State audit lauds Monroe Schools for financial turnaround

Once among Ohio’s worst school systems financially, Monroe Schools is now among the state’s most fiscally sound, according to the latest report from the Ohio auditor’s office. STAFF FILE PHOTO

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Once among Ohio’s worst school systems financially, Monroe Schools is now among the state’s most fiscally sound, according to the latest report from the Ohio auditor’s office. STAFF FILE PHOTO

A Butler County school system has gone from one of the worst financially in the state to one of the best, according to the latest report from Ohio’s auditor.

Monroe Local Schools, which in 2014 was released from state financial supervision for fixing its previous financial disarray, was cited Tuesday as having some of the best fiduciary standing among the state’s 612 public school districts.

MORE: Monroe Schools’ road out of ‘fiscal emergency’

The 2,800-student district was included in Ohio Auditor David Yost’s most recent listings for “Auditor of State Award,” which is earned by school systems — and other taxpayer-funded, local entities — for having a “clean” audit report for 2016.

It’s quite a turnaround from 2012, when unexpected budget deficits put Monroe Schools under state supervision as part of falling into “fiscal emergency,” which included the Ohio Auditor’s and Ohio Department of Education’s supervision of the school district.

At the time, the Monroe school district was among less than a dozen in Ohio to have fallen into “fiscal emergency.”

“We received a clean audit report, which means it contained no findings for recovery, material citations, material weaknesses, or significant deficiencies,” said Monroe Treasurer Holly Cahall. “I can honestly say that it is the best audit that we have ever had.”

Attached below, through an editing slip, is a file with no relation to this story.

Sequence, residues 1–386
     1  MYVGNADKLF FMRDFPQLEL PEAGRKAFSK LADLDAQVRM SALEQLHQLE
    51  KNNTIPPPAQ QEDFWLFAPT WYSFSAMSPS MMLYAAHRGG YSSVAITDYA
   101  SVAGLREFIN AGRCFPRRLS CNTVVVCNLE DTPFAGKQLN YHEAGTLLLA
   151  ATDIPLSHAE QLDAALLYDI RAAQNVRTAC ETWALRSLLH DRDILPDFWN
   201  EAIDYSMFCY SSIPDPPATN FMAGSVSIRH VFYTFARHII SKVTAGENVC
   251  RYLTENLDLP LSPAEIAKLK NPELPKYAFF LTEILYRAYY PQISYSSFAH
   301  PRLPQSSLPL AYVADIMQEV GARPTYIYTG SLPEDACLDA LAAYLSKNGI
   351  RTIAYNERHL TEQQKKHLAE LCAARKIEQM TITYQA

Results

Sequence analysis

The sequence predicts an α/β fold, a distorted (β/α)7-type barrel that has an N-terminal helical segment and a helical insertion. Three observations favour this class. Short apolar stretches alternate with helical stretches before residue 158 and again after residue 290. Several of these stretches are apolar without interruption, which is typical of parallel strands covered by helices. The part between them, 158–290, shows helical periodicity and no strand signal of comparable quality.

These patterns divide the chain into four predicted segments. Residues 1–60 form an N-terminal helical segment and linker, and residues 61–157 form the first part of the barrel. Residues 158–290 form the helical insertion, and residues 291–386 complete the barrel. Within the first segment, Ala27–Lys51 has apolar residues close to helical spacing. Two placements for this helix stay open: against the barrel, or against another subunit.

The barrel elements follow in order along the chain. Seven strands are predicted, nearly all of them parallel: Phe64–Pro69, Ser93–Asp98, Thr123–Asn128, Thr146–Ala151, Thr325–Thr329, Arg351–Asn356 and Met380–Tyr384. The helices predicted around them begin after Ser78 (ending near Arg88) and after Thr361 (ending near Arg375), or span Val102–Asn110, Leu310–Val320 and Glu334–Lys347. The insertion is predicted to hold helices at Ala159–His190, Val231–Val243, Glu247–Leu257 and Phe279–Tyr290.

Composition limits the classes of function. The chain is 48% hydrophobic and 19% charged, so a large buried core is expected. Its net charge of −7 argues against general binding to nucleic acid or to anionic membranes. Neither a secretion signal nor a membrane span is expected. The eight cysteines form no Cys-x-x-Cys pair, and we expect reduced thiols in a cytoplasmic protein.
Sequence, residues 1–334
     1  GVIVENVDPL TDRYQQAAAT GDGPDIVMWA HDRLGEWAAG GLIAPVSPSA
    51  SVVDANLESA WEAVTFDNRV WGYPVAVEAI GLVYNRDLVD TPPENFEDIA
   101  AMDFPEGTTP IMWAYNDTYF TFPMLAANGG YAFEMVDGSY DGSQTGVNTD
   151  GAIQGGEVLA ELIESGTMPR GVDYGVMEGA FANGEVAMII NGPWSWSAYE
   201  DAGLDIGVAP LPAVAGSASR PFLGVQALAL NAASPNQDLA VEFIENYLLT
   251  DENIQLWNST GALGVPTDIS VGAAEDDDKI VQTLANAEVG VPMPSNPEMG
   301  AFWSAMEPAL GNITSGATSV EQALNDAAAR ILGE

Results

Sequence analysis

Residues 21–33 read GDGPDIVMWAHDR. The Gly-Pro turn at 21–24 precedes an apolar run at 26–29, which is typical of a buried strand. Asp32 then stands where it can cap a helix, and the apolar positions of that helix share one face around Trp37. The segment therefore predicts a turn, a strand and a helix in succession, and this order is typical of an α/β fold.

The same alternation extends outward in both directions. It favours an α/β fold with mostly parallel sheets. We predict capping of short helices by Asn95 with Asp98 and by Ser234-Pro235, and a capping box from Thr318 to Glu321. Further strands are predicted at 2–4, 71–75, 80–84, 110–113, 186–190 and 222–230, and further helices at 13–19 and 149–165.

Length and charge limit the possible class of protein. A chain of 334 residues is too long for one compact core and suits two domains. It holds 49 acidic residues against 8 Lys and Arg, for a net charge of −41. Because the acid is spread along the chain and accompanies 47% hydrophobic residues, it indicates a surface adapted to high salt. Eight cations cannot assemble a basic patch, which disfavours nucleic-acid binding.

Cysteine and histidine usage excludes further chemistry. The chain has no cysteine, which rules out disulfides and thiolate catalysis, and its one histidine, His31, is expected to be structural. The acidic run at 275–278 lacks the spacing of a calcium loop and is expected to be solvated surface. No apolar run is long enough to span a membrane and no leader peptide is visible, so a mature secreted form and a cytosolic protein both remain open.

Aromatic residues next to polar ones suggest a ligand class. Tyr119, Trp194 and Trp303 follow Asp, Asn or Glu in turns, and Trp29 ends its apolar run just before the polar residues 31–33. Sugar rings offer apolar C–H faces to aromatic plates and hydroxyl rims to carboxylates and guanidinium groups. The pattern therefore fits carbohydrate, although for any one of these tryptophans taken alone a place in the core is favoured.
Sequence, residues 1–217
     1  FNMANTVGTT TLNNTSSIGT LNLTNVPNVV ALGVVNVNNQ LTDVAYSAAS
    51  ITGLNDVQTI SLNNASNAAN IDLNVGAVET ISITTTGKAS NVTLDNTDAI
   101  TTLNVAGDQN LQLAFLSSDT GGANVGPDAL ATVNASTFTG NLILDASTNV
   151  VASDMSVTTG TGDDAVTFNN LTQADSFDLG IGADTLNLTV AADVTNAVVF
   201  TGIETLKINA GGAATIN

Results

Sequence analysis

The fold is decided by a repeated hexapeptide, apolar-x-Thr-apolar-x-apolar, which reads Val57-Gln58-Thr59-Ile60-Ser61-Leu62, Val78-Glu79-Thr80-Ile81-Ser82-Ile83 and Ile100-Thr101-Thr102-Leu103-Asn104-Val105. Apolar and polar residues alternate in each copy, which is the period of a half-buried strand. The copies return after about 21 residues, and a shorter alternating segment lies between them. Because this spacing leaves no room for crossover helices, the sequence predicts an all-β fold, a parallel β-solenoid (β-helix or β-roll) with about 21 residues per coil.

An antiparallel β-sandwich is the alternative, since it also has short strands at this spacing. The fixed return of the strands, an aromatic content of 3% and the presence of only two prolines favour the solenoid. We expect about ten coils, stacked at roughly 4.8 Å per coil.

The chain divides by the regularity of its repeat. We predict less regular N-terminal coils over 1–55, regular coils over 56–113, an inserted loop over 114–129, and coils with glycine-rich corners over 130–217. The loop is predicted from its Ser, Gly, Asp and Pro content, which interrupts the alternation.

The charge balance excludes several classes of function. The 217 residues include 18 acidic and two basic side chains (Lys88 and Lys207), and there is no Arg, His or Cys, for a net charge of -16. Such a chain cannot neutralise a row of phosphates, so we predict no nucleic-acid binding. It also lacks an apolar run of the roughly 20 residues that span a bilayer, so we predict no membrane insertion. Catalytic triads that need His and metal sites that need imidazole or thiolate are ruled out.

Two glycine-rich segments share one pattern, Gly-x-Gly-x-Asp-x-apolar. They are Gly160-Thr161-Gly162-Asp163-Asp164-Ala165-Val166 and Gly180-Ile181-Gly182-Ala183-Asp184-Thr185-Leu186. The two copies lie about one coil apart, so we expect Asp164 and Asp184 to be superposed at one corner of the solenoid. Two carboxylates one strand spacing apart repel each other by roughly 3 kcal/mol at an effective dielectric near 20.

The district was placed in fiscal emergency in May 2012 by Yost after experiencing more than a $5 million budget deficit due to non-criminal, mismanagement of funds.

MORE: Monroe Schools wins court payout in lawsuit against ex-treasurer

The district’s annual operating budget is $24 million.

In 2012 the state ordered the district to develop a financial recovery program that included borrowing funds from the state, passing a 7.5-mill tax levy in November 2012, and completing a number of items in its policies and procedures.

“Our financial recovery succeeded as the result of the passage of the 5-year emergency levy in November of 2012, and subsequent passage of a continuing substitute levy this past November,” Cahall said.

“Our students are fortunate to have a dedicated and generous community who cares about Monroe Schools, and wants to see it succeed in every way. We have continued to work hard to maintain the public trust, and the audit for 2016 is evidence,” she said.

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